(a) Clutter spatial spectrum
(b) Clutter spatial correlation coefficient
3. Improved Main-Lobe Cancellation Method
In this section, we introduce the improved main-lobe cancellation (IMLC) method. The traditional main-lobe cancellation method is developed from the generalized side-lobe canceller (GSC) in . It has been presented to suppress the ionospheric clutter and the sea clutter for ocean remote sensing by Xianrong et al.  and for target detection by Zhang et al. [8, 16]. The framework of the method is shown in Figure 8.
The first step of the method is to get the target-free training data in order to estimate the clutter plus noise covariance matrix. By previous research, we found that the first-order sea clutter in HFSSWR has a strong correlation in the spatial dimension, so that we can utilize the clutter information from other directions to estimate the clutter in the looking direction. The training data used to estimate the clutter information must contain no target information to prevent the target self-elimination. The block matrix here is formed by a single notch space filter. In some situations, there are multiple targets in one main-lobe direction, or the training data of the sea clutter may contain not only one clutter information. In this case, a large degree of freedom (DOF) is required. To ensure that the system has enough DOF, an auxiliary channel is built by way of a sliding subarray to obtain the secondary data.
In a nonstationary environment, like HFSSWR, how to select the efficient training data is a key problem in the clutter cancellation method. So we propose a training data selection strategy to improve the main-lobe cancellation method performance for the HFSSWR sea clutter suppression. The new framework of the IMLC is shown in Figure 9.
In Section 3.1, the data model of the IMLC method is introduced briefly. In Section 3.2, a single notch space filter is used to block the target signal in the main lobe. In Section 3.3, the analysis results of the amplitude-phase error are given.
3.1. Data Model
For an -element uniform linear array (ULA) shown in Figure 10 which collects data snapshots, with element spacing and carrier wavelength , the echo data of the th range cell can be expressed as  where is the target vector, is the spatial steering vector, denotes the temporal steering vector, is the target amplitude, denotes the clutter, and denotes the noise which is nondirectional. And denotes transpose.
The covariance matrix of the cell under test can be written as where is the power of the target, , where is the noise power and denotes the identity matrix, and denotes the Hermitian transpose.
In practical applications, is unknown and has to be estimated from the training data around the CUT. where K is the total number of target-free training data, and is the set of the training samples in the range domain. And the aim of the proposed method is to select the most valid training data.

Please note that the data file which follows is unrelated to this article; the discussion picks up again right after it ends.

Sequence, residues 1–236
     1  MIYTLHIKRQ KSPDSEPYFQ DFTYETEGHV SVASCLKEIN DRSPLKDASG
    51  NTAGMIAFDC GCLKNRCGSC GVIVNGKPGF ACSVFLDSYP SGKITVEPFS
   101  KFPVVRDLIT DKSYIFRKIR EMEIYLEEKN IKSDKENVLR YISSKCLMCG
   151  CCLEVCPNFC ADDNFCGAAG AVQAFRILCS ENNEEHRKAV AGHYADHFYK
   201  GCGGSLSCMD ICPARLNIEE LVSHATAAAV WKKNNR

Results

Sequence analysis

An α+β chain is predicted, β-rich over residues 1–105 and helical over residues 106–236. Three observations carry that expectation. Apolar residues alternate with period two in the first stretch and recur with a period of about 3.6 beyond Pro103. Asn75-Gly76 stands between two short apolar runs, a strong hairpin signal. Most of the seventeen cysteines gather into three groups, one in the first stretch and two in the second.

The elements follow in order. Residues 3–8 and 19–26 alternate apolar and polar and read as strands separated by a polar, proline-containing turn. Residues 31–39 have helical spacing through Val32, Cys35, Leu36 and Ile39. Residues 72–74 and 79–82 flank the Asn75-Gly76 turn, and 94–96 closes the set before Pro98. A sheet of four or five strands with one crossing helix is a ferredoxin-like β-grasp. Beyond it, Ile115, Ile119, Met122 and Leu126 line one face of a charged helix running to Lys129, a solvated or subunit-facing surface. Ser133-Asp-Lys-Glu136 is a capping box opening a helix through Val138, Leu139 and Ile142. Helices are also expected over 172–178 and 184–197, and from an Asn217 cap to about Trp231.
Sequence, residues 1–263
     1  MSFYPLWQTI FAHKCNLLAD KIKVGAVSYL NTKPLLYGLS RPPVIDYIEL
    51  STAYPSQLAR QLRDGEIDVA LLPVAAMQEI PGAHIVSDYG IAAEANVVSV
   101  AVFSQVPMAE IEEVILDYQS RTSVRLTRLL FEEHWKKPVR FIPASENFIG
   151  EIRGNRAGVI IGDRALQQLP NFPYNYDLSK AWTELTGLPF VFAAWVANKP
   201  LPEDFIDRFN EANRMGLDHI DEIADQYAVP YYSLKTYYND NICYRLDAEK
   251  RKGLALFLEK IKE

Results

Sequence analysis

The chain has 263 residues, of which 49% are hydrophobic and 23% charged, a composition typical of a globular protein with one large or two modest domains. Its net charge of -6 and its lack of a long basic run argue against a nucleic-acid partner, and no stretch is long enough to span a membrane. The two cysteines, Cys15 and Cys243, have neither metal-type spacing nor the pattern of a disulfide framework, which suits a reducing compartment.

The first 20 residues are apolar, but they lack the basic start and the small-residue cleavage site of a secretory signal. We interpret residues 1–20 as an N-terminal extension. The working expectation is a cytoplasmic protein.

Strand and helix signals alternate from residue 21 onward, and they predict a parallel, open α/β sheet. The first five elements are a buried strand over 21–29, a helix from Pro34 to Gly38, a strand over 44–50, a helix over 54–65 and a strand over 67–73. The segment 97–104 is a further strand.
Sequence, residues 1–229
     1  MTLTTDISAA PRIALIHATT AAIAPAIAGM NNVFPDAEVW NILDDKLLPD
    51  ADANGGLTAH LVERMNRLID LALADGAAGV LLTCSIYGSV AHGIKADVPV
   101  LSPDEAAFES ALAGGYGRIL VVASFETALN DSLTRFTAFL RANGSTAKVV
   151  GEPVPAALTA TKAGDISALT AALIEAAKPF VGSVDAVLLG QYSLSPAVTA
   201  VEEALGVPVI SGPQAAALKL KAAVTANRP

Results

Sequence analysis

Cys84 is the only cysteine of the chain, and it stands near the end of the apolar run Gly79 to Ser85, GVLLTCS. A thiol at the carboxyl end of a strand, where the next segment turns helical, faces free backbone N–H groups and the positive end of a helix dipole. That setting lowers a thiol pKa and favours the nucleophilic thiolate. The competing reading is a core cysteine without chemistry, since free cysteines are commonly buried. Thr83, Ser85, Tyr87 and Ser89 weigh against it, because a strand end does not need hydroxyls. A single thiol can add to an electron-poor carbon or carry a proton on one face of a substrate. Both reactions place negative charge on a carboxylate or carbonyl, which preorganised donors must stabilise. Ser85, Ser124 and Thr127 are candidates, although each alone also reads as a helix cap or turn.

3.2. Single Notch Space Filter
In order to block the target information, a single notch space filter (SNSF) is proposed as the block matrix. The least P-norm FIR filter is chosen for its side-lobe response which is approximately equal. This means that the clutter information in the side-lobe can be kept maximally. The beam null steering points to the same direction as the main-lobe so that only the clutter and the noise in the side-lobe will be remained. The response is shown in Figure 11 with and , the DOF is 7, and the main-lobe direction is −15°.
In order to fully block the target component, the filter needs to be well designed based on two principles. Firstly, the depth of the filter should be deeper than the target power. Secondly, the width of the filter should be wider than the main lobe. In this case, we can assume that after filtering, there are no main-lobe components left in the secondary data. Here, they are antithetic conditions and should be carefully designed to ensure the filtering effect.
3.3. Analysis of Amplitude-Phase Error
There are some limits of the main-lobe cancellation method. As discussed in the above section, the single notch filter needs to be carefully designed based on the two principles. And the degree of freedom is limited by the practical system as well. But one of the most severe problems is the amplitude-phase error in the receiving antennas.
The amplitude error will change the level of the side-lobe response, and the phase error will cause the decrease of the notch depth. In some extreme situations, the notch may even disappear due to the heavy phase error, so that the target information will be remained in the training data which will lead to target self-elimination. The compensation of the amplitude-phase error is essential before the signal processing. Here, we give the analysis of the amplitude-phase errors’ impact on the single notch filter to guide the compensation processing.